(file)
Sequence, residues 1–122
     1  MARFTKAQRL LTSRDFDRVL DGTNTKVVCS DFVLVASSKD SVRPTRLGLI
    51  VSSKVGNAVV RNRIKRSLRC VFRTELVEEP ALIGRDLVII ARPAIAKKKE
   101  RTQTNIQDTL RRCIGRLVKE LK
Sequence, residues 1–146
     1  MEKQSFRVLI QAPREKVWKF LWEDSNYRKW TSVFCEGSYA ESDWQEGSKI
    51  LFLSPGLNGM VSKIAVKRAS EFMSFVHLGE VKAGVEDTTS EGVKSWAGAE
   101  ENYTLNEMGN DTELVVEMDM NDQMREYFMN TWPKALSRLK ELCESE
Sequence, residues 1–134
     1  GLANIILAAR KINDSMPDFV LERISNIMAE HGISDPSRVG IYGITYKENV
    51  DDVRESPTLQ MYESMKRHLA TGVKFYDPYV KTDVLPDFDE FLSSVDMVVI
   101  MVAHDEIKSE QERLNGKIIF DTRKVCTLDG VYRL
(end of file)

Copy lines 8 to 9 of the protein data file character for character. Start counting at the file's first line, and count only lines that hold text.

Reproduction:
   101  ENYTLNEMGN DTELVVEMDM NDQMREYFMN TWPKALSRLK ELCESE
Sequence, residues 1–134